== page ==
BANGLADESH and PAKISTAN - the destruction of Buddhism and Hinduism
Lee Jay Walker Dip BA MA
The partition of India led to chaos and hundreds of thousands of people were murdered. After this chaos divisions would emerge between East Pakistan and West Pakistan and further bloodshed would occur, with the outcome being the sovereign nations of Bangladesh and Pakistan. However, while India remained to be multi-religious, the opposite happened in Bangladesh and Pakistan and religious minorities faced enormous problems and persecution.
To make matters worse both Bangladesh and Pakistan would witness the gradual Islamization of their societies, notably Pakistan, and massive corruption and persecution of women would continue. The Islamization of both nations was especially traumatic for Hindus in Pakistan and Buddhists in Bangladesh; and not surprisingly Islamic persecution of minorities in both nations re-awakened anti-Islamic feelings in India.
For unlike the destruction of Buddhism in Afghanistan, which happened centuries earlier because of Islamic conquests, persecution and controlling all leverages of power; the Islamization of Bangladesh and Pakistan took place in the twentieth century and continues today. Yet why were Buddhism and Hinduism being allowed to be destroyed in both nations? After all, Buddhists in Bangladesh were a small minority and they could never threaten Islam; the same applies to Hindus in Pakistan.
Therefore, why did other nations remain quiet when massive religious persecution was taking place? For nations like France, the United Kingdom and United States were espousing 'democracy' and liberals were glorifying multi-faith societies and stating that Islam was a religion of peace. At the same time major institutions like the Commonwealth, which espoused global human rights, remained quiet when religious genocide was taking place in Bangladesh and Pakistan.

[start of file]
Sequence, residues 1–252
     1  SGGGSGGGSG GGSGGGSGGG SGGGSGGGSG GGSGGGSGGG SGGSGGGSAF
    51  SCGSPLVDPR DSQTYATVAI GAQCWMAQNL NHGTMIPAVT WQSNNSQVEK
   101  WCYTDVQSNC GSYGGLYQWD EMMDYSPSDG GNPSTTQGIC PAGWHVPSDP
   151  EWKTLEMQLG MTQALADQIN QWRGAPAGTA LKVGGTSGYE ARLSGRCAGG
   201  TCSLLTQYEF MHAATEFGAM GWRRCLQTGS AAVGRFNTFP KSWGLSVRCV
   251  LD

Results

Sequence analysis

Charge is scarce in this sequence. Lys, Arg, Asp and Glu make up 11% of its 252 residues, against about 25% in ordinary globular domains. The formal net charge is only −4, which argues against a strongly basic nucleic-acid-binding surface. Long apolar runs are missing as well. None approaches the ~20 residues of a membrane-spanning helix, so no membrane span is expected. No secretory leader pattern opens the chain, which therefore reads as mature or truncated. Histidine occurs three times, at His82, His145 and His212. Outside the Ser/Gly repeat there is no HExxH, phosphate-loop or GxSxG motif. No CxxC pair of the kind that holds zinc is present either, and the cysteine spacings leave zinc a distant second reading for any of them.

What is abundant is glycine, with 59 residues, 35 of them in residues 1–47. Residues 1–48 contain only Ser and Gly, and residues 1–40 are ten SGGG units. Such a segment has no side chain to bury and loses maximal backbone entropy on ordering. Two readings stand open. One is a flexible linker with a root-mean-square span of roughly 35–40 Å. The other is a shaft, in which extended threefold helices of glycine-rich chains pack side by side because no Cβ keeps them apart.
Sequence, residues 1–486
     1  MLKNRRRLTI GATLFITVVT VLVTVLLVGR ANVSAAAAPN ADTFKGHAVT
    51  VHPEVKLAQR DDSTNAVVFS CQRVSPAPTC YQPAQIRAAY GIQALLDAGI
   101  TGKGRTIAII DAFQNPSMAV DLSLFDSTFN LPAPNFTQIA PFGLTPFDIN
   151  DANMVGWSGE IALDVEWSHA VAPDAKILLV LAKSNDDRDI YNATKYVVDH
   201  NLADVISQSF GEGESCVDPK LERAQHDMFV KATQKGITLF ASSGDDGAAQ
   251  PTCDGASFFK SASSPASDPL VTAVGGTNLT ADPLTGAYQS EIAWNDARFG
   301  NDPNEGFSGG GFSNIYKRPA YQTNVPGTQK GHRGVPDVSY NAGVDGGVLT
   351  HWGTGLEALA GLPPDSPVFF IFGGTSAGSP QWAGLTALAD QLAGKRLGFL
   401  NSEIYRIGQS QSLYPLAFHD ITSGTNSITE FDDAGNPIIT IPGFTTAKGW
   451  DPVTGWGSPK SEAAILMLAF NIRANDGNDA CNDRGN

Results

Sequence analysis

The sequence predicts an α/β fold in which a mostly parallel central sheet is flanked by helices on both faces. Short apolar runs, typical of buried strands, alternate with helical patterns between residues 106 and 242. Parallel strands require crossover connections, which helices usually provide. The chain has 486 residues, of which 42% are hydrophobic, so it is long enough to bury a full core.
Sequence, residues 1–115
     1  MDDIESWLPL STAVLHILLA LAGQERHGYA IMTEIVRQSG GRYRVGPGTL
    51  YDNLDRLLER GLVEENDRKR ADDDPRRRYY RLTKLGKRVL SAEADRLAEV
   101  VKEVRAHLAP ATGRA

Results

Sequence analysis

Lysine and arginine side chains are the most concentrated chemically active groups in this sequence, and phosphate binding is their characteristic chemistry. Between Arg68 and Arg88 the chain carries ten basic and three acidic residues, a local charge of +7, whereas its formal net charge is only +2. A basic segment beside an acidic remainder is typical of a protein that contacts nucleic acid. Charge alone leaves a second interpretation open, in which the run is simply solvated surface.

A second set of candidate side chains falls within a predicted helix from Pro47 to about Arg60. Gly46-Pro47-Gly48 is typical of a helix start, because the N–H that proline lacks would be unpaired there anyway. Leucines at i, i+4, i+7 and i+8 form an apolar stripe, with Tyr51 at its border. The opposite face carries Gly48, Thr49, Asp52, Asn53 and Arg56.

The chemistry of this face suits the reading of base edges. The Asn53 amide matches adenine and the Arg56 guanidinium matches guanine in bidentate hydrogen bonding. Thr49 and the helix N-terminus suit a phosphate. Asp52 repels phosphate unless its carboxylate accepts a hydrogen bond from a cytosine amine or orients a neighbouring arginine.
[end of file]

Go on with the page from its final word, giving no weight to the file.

In Pakistan the destruction of Hinduism and persecution of Hindus took many forms. The first path was the massacre of Hindus during partition and forcing Hindus to leave via coercion. However, over the last 50 years the destruction of Hinduism in modern day Pakistan was based on past Islamic global conquests and the teachings of the Prophet Mohammed who sanctioned the persecution of non-Muslims. For the Prophet Mohammed had told his followers to 'Fight those who believe not in God nor the last day . . . Nor acknowledge the religion of truth (Islam) . . .’ Therefore, the followers of Hinduism were to be subdued in accordance with the teachings of Islamic Sharia Law, the Koran and Hadiths.
Given this, Hindus were now a subdued minority, like Christians in Pakistan, and they were unequal in law and status in accordance with the teachings of Islam. At the same time Hindu temples were often converted into Muslim mosques or destroyed, and ancient Hindu architectures were destroyed. The choice for many Hindus was either to convert to Islam in order to escape persecution, flee to India or to accept that they were second-class citizens in Pakistan and resign themselves to being persecuted. Not surprisingly Hinduism in Pakistan continued to decline and this civilization was being eradicated by Islam.